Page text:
When you step into your new role of running a team (whatever the size) it is always a top priority to be taken seriously – for me atleast. Whether this is by your boss, your peers or by your new team. But there is a fine line between appearing to know what you are doing, and actually knowing what you are doing.
You want people to behave and perform as instructed, but this is easier said than done. Of course you want there to be some measurable results right away, you need to reassure whoever hired you that it was the right choice. But be cautious of your approach in this. You may be tempted to ‘lay down the law’ with your team by implementing high targets that come with bad consequences if missed.
This is a mistake.
If you want to be taken seriously and see some sustainable improvement with your teams performance you have to be patient.
The first few days, weeks and months of your role are all about patience. Take some time to get to know your team members individually. What are their strengths and weaknesses? What are their likes and dislikes? You have to tailor their targets based on their capability and learning style.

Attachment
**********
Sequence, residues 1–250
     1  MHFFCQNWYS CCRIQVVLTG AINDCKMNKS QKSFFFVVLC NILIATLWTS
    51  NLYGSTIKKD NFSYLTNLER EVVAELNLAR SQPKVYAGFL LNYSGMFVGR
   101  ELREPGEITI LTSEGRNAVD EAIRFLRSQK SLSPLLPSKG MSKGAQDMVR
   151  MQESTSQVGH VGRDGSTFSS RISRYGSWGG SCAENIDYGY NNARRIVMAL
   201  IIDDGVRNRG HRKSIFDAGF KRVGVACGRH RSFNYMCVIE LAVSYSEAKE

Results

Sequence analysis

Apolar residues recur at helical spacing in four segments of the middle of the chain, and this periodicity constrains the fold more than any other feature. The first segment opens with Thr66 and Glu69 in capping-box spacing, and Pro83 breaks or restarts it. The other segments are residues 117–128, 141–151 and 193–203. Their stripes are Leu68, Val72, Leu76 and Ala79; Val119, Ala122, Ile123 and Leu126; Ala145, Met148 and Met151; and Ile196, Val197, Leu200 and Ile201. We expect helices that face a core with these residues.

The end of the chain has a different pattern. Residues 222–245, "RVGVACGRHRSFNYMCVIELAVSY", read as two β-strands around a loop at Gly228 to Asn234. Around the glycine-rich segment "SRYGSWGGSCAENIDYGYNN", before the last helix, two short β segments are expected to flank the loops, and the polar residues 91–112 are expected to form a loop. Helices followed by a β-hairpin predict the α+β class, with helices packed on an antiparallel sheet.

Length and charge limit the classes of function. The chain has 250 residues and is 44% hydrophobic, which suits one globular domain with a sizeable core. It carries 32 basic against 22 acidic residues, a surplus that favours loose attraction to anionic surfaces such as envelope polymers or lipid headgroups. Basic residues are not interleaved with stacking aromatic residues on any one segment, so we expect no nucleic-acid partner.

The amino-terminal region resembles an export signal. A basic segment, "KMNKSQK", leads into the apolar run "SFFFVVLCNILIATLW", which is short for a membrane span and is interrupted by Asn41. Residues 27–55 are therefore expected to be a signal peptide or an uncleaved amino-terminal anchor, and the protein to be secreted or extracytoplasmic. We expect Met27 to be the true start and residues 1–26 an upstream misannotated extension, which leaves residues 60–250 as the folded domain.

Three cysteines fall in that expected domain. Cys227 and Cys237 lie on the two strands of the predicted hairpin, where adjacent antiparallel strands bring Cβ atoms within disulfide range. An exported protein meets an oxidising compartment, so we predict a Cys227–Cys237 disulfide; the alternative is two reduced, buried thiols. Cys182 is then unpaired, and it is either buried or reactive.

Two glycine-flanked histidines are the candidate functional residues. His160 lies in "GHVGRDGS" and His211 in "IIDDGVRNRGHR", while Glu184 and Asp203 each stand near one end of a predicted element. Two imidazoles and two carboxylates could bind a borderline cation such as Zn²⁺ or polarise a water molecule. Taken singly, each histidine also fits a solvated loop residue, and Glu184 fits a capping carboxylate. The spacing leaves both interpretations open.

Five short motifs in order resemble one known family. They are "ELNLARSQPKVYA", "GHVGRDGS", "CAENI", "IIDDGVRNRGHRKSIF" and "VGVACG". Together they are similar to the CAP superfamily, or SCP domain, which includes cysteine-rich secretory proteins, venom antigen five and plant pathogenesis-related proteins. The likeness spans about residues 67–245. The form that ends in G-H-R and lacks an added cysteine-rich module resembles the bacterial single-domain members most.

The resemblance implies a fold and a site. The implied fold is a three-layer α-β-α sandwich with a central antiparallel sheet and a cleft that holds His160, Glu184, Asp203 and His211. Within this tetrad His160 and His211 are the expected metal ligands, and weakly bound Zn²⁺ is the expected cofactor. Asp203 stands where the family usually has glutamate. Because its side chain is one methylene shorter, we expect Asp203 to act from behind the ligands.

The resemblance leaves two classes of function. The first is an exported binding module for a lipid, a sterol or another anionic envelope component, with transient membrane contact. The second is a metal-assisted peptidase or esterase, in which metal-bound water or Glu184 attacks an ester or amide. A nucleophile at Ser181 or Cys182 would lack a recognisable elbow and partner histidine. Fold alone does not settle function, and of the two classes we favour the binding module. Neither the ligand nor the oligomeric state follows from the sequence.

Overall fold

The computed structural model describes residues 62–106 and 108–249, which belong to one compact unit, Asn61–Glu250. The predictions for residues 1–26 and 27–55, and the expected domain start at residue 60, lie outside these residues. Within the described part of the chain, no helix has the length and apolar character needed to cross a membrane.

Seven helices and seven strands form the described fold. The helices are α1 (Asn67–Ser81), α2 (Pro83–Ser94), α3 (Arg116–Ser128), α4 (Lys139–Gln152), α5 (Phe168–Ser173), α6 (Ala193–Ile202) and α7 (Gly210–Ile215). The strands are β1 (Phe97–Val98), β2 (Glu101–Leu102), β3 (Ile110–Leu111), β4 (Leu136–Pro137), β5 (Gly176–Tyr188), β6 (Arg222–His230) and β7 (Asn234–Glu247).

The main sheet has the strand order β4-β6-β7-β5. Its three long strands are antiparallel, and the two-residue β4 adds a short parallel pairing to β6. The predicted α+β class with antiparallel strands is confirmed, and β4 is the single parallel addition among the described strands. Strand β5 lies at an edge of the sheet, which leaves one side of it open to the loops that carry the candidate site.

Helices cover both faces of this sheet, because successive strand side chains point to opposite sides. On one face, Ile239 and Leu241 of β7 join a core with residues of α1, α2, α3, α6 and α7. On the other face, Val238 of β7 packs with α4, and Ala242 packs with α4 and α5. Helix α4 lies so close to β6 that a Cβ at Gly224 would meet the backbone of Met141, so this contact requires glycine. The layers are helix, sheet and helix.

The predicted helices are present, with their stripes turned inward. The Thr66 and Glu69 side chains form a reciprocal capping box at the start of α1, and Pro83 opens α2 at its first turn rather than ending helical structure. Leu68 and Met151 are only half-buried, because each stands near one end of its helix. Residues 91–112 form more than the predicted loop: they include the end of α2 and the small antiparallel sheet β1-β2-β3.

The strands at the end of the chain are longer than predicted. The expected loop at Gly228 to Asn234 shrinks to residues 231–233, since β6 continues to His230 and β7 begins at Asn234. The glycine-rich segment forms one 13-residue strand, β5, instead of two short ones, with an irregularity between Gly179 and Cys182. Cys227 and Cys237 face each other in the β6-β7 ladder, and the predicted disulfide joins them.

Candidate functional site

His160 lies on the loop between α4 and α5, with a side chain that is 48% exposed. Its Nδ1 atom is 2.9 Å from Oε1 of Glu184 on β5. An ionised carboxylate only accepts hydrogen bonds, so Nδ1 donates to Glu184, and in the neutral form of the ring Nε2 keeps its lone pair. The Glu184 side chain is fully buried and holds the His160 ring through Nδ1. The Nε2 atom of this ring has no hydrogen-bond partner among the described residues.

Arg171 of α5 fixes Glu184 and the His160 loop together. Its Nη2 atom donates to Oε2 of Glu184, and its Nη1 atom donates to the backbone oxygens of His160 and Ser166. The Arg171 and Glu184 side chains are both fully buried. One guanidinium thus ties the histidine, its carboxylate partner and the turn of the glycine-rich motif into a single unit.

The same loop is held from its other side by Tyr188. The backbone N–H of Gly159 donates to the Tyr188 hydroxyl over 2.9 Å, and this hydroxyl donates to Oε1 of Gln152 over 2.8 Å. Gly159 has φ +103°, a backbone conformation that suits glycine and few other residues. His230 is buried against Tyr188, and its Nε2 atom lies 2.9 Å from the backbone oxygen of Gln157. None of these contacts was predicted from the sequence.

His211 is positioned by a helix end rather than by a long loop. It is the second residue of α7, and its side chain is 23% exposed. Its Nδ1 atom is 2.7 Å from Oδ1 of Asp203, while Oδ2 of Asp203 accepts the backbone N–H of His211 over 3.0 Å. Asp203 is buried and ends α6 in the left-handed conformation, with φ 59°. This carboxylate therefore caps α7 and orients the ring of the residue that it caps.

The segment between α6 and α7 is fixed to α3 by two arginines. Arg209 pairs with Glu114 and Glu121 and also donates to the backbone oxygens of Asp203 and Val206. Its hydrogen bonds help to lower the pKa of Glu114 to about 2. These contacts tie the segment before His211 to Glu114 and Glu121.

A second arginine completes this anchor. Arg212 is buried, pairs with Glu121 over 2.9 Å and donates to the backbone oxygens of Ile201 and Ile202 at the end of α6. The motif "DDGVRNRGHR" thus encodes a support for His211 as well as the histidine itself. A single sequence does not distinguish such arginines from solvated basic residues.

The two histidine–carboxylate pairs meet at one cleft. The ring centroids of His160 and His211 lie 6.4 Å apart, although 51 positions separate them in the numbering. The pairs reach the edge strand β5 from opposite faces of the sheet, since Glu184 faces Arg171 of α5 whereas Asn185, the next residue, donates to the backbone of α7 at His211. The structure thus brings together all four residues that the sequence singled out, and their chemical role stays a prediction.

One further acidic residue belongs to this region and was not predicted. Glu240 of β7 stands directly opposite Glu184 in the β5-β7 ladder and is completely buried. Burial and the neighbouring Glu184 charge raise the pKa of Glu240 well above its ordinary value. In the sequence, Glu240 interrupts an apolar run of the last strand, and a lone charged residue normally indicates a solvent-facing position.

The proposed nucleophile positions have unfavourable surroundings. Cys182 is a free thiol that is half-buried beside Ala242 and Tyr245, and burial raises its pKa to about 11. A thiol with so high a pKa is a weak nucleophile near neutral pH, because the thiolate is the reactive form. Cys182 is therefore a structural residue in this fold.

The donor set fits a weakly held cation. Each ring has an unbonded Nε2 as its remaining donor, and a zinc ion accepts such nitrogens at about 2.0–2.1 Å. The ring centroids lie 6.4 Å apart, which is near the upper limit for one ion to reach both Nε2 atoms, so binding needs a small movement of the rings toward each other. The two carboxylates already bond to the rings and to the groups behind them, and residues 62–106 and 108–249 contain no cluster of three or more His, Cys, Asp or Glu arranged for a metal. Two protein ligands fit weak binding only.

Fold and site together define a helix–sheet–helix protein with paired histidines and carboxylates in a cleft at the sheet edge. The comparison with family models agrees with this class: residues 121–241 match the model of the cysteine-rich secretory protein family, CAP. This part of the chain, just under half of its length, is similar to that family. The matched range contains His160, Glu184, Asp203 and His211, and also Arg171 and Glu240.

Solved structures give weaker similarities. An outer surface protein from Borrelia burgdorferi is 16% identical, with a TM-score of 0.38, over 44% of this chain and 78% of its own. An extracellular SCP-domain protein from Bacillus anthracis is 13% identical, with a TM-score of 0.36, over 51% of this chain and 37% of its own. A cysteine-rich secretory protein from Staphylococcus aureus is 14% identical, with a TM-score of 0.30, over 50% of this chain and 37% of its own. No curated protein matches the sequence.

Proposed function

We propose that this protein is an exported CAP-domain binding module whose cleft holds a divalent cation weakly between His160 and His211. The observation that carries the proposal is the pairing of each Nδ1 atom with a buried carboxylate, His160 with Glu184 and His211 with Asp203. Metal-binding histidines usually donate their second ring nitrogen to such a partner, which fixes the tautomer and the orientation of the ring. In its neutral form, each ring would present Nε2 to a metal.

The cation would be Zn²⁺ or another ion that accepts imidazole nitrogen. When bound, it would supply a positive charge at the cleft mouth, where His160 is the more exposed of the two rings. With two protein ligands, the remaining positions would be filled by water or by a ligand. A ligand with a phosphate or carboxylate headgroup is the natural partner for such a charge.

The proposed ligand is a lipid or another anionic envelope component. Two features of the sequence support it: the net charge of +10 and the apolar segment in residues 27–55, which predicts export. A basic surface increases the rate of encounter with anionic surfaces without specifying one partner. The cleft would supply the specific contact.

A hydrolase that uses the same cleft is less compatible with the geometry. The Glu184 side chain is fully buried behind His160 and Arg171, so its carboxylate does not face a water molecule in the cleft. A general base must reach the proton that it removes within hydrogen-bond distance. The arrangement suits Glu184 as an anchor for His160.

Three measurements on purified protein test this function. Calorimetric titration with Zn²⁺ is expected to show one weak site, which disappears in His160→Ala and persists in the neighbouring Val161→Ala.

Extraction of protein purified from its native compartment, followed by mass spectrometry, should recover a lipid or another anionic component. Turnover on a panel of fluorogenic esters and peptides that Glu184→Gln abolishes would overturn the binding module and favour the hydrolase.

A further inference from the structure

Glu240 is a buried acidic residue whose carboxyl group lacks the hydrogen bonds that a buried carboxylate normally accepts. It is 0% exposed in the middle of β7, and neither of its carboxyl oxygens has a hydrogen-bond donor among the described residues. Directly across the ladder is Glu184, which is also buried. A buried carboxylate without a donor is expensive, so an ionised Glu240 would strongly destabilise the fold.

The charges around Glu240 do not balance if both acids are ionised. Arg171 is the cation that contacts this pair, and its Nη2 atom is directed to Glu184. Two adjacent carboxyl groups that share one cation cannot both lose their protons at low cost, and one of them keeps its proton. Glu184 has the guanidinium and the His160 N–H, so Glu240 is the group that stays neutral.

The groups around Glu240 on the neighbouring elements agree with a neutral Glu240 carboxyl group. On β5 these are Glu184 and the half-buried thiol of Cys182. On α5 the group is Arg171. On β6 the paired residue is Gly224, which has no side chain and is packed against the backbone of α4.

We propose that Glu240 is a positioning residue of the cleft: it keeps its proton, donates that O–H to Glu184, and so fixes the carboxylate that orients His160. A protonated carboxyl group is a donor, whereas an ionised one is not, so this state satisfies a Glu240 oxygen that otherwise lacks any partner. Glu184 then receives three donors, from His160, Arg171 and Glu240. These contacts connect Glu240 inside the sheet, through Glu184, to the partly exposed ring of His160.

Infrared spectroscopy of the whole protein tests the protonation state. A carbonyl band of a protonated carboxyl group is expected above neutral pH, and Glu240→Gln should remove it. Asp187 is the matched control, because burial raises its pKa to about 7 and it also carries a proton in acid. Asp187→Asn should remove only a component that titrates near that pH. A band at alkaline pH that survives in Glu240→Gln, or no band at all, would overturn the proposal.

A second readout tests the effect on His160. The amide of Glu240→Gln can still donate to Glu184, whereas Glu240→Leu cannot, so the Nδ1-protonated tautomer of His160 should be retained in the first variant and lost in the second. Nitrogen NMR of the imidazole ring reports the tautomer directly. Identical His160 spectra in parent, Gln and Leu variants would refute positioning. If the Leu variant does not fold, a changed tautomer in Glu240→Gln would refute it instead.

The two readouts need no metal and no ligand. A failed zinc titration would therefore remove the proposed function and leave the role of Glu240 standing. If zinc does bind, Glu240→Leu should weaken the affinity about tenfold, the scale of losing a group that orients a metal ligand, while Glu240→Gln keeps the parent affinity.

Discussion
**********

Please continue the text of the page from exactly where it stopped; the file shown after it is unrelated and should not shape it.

This is a slow process, but it is worth it.
Your team will see your genuine interest and understand the time you have invested in them. You are more likely to be taken seriously if you share the same end goal and work on it together.
Of course, getting results takes a lot more than patience. You need good communication, approach-ability, good team building and so much more. But for now lets focus on being taken seriously and the patience that comes with it. I will touch on all of these other points in future posts.
As author Charles W Chesnutt said, “We sometimes underestimate the influence of little things”